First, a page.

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Iraq Inquiry chief turned down offers of help, says head of Civil Service

The Iraq Inquiry's chairman has repeatedly refused offers of assistance to help speed up the completion of his long-awaited report, the head of the Civil Service has claimed.

Cabinet Secretary Sir Jeremy Heywood said there was nothing he could do to accelerate the process, insisting that he had offered the inquiry and its chairman Sir John Chilcot extra resources but was told "they don't need them".

An Iraq Inquiry spokeswoman said Sir John and Sir Jeremy had "agreed some steps that can be taken" to assist its work.

Sir John told the Prime Minister last month that he still could not say when the inquiry would report, prompting David Cameron to say he was "fast losing patience" over the lack of progress.

Sir Jeremy said he did not think anybody was deliberately trying to slow down the inquiry, but added that it should "get its head down and complete its work".

The inquiry into the Iraq War started in July 2009 but the final report has been held up for the process of Maxwellisation, where draft criticisms are put to individuals and they are given the chance to respond.

Appearing before MPs, Sir Jeremy said: "I'm not washing my hands of it. It is an independent inquiry, the timetable is not in my hands.

"I have repeatedly offered to Sir John extra resources on behalf of the Prime Minister, extra legal resources and so on.

"At the Prime Minister's request I saw him again recently, we had a private meeting at which I repeated that request, obviously.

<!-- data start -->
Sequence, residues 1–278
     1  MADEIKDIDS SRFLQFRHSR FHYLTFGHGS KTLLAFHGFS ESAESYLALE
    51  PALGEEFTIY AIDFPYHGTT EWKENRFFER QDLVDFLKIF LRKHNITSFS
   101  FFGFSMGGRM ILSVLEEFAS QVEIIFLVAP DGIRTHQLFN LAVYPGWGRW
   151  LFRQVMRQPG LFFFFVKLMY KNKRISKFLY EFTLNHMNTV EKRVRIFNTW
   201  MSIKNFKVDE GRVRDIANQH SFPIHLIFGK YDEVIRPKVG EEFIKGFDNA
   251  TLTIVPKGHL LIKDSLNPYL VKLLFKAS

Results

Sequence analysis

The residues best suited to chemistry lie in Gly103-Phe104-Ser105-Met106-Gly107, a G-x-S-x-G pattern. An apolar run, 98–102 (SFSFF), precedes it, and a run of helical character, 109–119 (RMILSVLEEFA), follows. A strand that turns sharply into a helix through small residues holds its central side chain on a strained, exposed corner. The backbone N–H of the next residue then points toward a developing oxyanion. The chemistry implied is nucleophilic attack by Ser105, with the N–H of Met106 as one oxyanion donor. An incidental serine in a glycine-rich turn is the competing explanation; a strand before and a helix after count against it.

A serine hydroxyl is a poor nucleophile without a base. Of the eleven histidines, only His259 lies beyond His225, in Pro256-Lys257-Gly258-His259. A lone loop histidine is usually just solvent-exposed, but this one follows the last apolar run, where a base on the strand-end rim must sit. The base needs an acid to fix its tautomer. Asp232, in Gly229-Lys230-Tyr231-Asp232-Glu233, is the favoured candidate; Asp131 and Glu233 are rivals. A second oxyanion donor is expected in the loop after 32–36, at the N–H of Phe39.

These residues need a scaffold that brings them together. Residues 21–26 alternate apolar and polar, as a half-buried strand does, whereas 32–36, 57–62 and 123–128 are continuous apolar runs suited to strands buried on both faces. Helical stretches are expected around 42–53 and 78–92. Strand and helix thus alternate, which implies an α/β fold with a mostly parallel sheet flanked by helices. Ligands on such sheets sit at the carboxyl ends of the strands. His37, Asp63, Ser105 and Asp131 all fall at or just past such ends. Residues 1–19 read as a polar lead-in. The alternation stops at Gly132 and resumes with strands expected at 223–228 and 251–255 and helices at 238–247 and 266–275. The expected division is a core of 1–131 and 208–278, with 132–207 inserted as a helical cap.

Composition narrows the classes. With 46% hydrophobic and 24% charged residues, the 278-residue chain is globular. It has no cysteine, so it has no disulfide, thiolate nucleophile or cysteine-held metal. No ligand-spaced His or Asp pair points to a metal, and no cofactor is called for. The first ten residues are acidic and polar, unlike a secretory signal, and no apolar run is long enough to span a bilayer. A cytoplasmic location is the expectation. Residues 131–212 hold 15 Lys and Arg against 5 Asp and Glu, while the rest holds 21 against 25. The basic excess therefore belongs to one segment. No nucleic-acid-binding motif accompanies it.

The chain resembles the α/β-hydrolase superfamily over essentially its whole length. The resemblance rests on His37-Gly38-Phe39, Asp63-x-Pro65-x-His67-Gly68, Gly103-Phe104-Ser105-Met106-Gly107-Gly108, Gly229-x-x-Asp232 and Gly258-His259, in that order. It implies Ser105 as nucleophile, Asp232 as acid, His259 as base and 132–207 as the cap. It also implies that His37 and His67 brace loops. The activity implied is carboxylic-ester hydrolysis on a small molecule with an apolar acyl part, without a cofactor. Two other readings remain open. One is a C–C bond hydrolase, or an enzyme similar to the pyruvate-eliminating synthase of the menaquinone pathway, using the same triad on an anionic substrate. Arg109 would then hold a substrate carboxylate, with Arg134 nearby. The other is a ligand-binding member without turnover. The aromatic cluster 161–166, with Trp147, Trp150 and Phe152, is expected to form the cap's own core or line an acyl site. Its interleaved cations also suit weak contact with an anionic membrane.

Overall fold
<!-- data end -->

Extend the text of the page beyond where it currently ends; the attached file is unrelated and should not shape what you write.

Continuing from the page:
"I just know that John Chilcot w ill complete this report as soon as he possibly can. He is as aware as everybody else is about the importance of getting this done and quickly."

He added: "We have repeatedly offered the inquiry further resources, they say they don't need them, they are doing it as fast as they can."

Under questioning from Labour MP Paul Flynn at the Public Administration and Constitutional Affairs Select Committee, Sir Jeremy said: "Everybody shares your frustration, from the Prime Minister downwards - including Sir John Chilcot - about how long this has taken."

He insisted: "I don't think anybody is deliberately trying to slow down the inquiry," but added there would be a "long, hard look" once it had completed its work to find out why it took so long.

"But not in a way that interrupts the last phase of the inquiry, the inquiry needs to just get its head down and complete its work," he said.

A spokeswoman for the inquiry said: " Sir John and Sir Jeremy discussed the additional assistance the inquiry will wish to call upon in its closing stages and agreed some steps that can be taken now to assist the inquiry in its work."


From Belfast Telegraph